Christine Yeh Hachem, MD; Hala El-Zimaity, MD Series Editor: Richard Goodgame, MD


September 27, 2007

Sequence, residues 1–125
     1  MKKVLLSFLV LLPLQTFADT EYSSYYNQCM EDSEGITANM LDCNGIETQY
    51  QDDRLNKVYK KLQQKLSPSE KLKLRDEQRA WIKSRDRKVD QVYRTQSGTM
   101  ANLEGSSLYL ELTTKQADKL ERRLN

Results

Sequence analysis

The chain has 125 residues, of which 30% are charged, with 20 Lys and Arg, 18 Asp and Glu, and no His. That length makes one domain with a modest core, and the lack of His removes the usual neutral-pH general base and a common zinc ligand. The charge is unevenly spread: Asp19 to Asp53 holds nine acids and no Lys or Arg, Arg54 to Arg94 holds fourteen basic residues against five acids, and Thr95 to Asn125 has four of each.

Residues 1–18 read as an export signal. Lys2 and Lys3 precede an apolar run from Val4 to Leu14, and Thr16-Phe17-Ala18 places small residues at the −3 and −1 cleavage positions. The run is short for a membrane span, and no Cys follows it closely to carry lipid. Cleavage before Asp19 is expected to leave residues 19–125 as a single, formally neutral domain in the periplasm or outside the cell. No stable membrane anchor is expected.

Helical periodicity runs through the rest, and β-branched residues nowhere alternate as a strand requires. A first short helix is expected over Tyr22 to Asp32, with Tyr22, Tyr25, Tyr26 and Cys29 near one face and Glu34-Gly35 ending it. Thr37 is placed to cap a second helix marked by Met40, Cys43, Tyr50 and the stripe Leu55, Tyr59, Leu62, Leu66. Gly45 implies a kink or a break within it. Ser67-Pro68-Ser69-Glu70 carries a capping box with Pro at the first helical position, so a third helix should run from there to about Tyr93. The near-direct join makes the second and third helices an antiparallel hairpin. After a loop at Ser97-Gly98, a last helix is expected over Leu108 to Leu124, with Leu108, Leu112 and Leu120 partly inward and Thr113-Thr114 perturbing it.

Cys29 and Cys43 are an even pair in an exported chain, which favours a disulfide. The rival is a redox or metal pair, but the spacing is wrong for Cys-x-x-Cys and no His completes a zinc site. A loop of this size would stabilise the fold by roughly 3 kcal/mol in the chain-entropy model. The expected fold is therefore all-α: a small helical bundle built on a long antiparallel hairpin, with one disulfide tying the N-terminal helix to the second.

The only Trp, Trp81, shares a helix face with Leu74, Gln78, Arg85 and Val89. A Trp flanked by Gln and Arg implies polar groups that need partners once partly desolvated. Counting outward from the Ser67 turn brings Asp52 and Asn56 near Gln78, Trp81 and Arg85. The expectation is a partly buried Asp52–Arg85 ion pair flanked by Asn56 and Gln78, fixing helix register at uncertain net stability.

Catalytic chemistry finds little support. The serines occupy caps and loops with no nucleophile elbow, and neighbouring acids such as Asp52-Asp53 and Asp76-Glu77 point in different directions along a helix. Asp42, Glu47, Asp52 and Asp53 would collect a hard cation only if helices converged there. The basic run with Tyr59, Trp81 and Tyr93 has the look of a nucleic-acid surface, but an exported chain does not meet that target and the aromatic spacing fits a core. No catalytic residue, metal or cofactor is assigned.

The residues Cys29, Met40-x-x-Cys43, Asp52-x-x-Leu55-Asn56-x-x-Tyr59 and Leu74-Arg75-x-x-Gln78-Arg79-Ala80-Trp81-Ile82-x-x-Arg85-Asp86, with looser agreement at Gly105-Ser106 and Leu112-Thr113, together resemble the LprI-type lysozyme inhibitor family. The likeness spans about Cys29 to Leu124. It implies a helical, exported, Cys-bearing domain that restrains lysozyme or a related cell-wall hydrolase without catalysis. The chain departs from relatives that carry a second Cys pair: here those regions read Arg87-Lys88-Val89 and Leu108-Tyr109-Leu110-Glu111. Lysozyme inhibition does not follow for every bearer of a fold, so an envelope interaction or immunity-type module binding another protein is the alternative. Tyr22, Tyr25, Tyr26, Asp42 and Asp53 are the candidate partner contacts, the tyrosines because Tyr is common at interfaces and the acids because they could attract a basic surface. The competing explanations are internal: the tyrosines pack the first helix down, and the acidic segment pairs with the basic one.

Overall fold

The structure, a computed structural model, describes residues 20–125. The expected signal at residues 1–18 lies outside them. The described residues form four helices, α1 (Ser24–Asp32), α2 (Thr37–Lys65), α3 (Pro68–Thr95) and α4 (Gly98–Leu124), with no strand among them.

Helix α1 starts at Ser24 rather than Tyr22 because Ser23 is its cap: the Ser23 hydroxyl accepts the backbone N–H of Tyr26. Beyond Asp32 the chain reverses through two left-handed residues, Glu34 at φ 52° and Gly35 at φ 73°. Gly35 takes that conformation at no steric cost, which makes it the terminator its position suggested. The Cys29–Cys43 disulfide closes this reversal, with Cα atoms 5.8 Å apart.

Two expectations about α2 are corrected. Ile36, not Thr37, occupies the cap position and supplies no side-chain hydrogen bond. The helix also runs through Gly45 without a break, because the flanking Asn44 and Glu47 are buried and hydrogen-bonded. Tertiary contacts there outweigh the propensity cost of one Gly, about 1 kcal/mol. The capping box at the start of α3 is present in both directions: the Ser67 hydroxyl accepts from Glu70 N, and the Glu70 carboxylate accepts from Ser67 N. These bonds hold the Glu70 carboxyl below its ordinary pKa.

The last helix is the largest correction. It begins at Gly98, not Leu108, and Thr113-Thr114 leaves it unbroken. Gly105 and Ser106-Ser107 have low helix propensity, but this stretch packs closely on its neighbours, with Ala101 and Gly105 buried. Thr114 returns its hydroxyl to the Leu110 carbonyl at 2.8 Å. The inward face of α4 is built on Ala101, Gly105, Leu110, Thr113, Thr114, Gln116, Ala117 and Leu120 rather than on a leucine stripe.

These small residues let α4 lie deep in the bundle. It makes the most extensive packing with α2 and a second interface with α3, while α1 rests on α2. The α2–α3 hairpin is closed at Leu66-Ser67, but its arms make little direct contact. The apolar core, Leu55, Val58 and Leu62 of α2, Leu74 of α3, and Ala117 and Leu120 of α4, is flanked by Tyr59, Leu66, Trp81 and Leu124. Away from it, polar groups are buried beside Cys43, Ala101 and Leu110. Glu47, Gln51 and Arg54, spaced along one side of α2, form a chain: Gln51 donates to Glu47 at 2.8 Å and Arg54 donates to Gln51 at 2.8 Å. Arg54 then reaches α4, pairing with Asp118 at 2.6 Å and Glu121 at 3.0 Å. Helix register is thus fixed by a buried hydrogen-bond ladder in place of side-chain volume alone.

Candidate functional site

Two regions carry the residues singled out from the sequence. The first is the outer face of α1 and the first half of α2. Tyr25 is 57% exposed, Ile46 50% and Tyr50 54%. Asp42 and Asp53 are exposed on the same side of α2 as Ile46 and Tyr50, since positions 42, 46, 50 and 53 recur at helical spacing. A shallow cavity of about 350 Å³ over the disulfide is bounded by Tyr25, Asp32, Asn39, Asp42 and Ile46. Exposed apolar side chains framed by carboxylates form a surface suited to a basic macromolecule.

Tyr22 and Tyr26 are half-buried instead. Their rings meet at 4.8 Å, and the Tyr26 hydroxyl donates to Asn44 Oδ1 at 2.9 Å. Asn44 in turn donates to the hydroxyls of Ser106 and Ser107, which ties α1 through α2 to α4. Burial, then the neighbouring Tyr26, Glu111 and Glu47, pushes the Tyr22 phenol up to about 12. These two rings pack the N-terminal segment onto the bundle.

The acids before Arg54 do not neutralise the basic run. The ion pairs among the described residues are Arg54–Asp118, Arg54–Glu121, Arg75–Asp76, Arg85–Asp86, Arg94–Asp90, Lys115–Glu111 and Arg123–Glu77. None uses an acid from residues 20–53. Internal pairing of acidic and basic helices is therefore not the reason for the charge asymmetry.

The correct diagnosis is lymphocytic gastritis. Figure 11 is a low-power view of the gastric body. It shows infiltration of the mucosa with inflammatory cells and the profound separation of the deep gastric glands (atrophy; arrow). Figure 12 is a higher-power view of the same area, showing that the infiltrating cells are normal-appearing, small lymphocytes. The cells are not only present in the lamina propria between the glands, but are infiltrating the epithelial lining cells of the surface epithelium (arrow) and the deeper glands. The number of lymphocytes in the surface and foveolar epithelium per 100 epithelial cell nuclei is greater than 75. The lymphocytes are small and round with no nuclear atypia. The clear halo around the nuclei of some of the lymphocytes (arrow) is a common fixation artifact. Figure 13 shows a similar area of the stomach but is stained with the T-cell stain CD3. The intraepithelial lymphocytes are almost all T cells, as is seen in lymphocytic gastritis. This means that the patient does not have H pylori-related B-cell lymphoma. Figure 14 shows a representative biopsy from one of the polypoid lesions. There is marked corkscrewing of the deep gastric glands (foveolar hyperplasia; white arrow), as has been described in some cases of lymphocytic gastritis and Ménétrièr's disease. However, a higher-power view (Figure 15) shows the prominent lymphocytes typical of lymphocytic gastritis that are not seen in Ménétrièr's disease or reactive gastropathy.


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